A new helipad slated to open this spring at Health Sciences Centre Winnipeg is expected to speed up helicopter transport times by as much as half an hour.
The opening of the helipad located atop the new Diagnostic Centre for Excellence building will allow the Shock and Trauma Air Rescue Society (STARS) air ambulance helicopter to directly transfer patients to the emergency or operating rooms at HSC, according to provincial Health Minister Sharon Blady.
“Currently, patients brought in to Winnipeg for treatment arrive at the James Richardson International airport on board the STARS helicopter, and then have to be transferred to an ambulance which is driven to Health Sciences,” says Blady. “Once the helipad opens, they will have direct access to treatment here at the hospital.”
The rooftop helipad will allow elevator access to both adult and children’s emergency and operating rooms at HSC, Manitoba’s largest trauma centre.
“The opening of this heliport will allow patients to access care more quickly at a time when it is most critical,” said Helen Clark, Chief Operating Officer of emergency response and patient transportation with the Winnipeg Health Region. “Taking 25 to 30 minutes off of a patient’s transport time can significantly improve health outcomes for those patients in life-threatening situations.”
The STARS air ambulance flew 541 missions last year to pick up patients across Manitoba, according to Betty Lou Rock, vice president of Manitoba operations for STARS. “We expect there will be one to two flights daily to Health Sciences Centre.”
Measuring 18-by-18-metre, the helipad will only be used by air ambulance helicopters, according to STARS pilot and safety officer Paul Adams.
“The designation of this helipad is H1, which means that only twin-engine air ambulance helicopters may use it,” says Adams, adding that the pad is built to handle a helicopter of double the weight of the STARS helicopter.
STARS helicopters will be flown so as to reduce the impact of noise on the residential neighbourhood around HSC as much as possible, says Adams. “We are able to minimize the noise by descending from a high altitude at a lower power level, and then only going to full power right before landing.”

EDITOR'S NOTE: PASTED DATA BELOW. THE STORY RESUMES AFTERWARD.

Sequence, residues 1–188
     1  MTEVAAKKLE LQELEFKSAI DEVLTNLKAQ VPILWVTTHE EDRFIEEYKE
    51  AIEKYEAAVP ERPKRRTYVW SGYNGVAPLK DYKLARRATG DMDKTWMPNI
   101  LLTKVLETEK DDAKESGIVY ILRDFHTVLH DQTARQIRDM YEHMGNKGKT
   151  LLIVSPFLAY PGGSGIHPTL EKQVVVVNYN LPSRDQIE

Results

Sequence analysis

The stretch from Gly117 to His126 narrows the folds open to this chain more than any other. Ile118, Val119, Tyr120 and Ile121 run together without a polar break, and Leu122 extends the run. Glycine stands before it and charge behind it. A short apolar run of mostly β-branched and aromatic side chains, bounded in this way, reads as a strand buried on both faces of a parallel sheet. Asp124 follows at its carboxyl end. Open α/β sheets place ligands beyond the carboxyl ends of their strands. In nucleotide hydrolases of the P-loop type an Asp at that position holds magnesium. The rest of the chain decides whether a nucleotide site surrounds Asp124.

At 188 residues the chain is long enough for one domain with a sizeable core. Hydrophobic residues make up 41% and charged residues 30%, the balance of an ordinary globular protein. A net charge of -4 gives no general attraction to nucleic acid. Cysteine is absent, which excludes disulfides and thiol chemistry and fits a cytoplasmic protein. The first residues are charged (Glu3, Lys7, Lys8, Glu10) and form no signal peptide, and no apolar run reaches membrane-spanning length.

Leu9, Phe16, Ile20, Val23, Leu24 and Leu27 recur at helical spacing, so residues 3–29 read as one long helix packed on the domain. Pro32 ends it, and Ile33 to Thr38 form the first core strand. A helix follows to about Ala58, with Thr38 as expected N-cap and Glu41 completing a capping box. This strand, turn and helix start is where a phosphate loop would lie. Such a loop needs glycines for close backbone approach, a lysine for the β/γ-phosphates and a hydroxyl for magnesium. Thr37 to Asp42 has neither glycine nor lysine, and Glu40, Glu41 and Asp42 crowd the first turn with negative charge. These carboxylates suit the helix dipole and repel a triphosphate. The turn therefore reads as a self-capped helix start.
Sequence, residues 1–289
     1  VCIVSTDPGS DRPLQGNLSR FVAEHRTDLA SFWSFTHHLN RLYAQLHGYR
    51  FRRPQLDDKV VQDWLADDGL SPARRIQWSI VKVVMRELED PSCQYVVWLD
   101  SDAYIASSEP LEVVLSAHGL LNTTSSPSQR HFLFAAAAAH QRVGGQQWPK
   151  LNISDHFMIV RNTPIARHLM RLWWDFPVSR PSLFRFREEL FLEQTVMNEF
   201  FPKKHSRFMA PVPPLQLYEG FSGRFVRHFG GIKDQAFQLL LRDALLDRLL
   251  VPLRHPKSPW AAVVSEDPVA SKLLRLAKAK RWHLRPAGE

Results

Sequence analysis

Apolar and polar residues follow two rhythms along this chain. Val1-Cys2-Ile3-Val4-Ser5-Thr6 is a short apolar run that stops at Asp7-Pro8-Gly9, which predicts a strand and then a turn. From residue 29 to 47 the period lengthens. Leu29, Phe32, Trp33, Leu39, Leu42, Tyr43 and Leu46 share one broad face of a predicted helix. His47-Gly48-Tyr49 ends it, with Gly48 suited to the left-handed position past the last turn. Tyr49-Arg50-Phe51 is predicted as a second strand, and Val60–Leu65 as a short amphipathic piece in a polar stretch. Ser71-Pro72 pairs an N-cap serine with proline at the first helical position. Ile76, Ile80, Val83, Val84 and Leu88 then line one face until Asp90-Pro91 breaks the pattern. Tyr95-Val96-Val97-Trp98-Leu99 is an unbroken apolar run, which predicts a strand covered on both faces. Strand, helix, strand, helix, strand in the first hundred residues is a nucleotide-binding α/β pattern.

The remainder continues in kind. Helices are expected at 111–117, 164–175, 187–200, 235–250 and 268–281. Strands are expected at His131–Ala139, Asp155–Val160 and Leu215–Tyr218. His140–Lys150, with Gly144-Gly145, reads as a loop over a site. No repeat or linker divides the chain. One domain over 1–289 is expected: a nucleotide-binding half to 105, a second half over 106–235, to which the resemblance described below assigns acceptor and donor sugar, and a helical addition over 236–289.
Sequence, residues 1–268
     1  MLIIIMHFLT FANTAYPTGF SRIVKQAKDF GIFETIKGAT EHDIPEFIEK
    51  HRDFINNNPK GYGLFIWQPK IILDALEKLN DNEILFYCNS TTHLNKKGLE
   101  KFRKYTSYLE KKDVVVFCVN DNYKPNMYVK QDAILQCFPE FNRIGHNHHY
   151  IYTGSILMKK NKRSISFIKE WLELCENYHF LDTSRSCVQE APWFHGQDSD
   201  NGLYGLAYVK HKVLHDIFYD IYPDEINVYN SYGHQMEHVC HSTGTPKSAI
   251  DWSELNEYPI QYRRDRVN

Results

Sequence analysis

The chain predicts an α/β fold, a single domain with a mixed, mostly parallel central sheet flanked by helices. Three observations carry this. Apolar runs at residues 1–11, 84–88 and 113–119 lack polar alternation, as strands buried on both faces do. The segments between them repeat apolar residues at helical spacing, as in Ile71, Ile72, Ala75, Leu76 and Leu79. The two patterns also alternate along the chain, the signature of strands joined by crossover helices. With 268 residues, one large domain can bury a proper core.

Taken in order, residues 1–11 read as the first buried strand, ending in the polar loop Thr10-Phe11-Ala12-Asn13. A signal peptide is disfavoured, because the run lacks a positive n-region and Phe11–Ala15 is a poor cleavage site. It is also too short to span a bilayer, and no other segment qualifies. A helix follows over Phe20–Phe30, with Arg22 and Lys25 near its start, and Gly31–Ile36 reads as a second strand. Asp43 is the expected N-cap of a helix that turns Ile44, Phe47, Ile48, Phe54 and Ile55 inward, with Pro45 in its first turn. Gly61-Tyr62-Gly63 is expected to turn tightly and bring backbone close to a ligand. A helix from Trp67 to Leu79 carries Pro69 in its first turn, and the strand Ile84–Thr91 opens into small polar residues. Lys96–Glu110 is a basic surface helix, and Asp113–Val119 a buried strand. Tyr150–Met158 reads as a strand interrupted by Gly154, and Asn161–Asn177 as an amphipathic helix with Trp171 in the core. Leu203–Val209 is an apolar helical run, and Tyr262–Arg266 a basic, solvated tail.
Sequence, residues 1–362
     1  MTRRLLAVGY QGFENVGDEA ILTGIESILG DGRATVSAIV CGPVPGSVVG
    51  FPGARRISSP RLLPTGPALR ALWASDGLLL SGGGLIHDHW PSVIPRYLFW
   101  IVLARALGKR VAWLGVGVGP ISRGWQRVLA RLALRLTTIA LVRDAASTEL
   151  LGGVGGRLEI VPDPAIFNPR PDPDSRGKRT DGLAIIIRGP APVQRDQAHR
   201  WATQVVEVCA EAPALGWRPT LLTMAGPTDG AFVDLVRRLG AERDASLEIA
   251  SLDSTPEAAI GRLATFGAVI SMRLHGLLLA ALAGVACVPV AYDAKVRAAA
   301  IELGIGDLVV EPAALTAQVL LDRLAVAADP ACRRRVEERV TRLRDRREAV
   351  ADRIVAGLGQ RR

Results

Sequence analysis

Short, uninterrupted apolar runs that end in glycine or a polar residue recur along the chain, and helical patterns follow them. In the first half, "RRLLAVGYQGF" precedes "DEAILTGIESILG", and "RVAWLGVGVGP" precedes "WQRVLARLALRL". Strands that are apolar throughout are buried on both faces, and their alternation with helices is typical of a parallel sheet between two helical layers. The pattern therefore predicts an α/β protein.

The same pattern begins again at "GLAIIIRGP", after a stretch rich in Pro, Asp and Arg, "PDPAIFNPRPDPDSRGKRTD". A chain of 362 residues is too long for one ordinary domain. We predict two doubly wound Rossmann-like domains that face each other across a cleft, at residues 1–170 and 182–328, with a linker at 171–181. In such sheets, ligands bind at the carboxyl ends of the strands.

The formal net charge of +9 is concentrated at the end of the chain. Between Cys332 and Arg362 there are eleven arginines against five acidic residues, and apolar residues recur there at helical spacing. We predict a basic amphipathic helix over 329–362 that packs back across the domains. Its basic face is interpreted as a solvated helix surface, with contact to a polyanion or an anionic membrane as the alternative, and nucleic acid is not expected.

The flight crews are looking forward very much to the opening of the helipad. They currently fly in to a helipad at the James Richardson International Airport, where patients are unloaded in the open, before being transferred to a ground ambulance.
Flight paramedic Ray Rempel says the new helipad will allow the patient to be unloaded from the rear of the craft, and into indoor shelter within 90 seconds. “Then they’re into a dedicated elevator that takes them directly to treatment,” he says. “Treatment that fast will help save lives.”
The new seven-story, 91,000 sq. ft. Diagnostic Centre for Excellence building will be connected to the new HSC Women’s Hospital, to HSC Children’s Hospital and all critical care services. When it opens later this year, the building will consolidate a variety of sophisticated diagnostic equipment into one location on the HSC campus.
“We’re very excited about all of the work being done on our campus which will support the people and communities we proudly serve,” said Dana Erickson, Chief Operating Officer of HSC Winnipeg. “The heliport will help us to provide the best possible hospital experience for patients and families.”
The Diagnostic Centre of Excellence will be one of the first buildings to be connected to HSC’s new, site-based electrical grid. Recent work with Manitoba Hydro has re-wired the entire HSC campus to be powered by six main distribution points. The new grid – located on the campus itself – contains four levels of safeguards to prevent electrical outages during any civic power outages or natural disasters.
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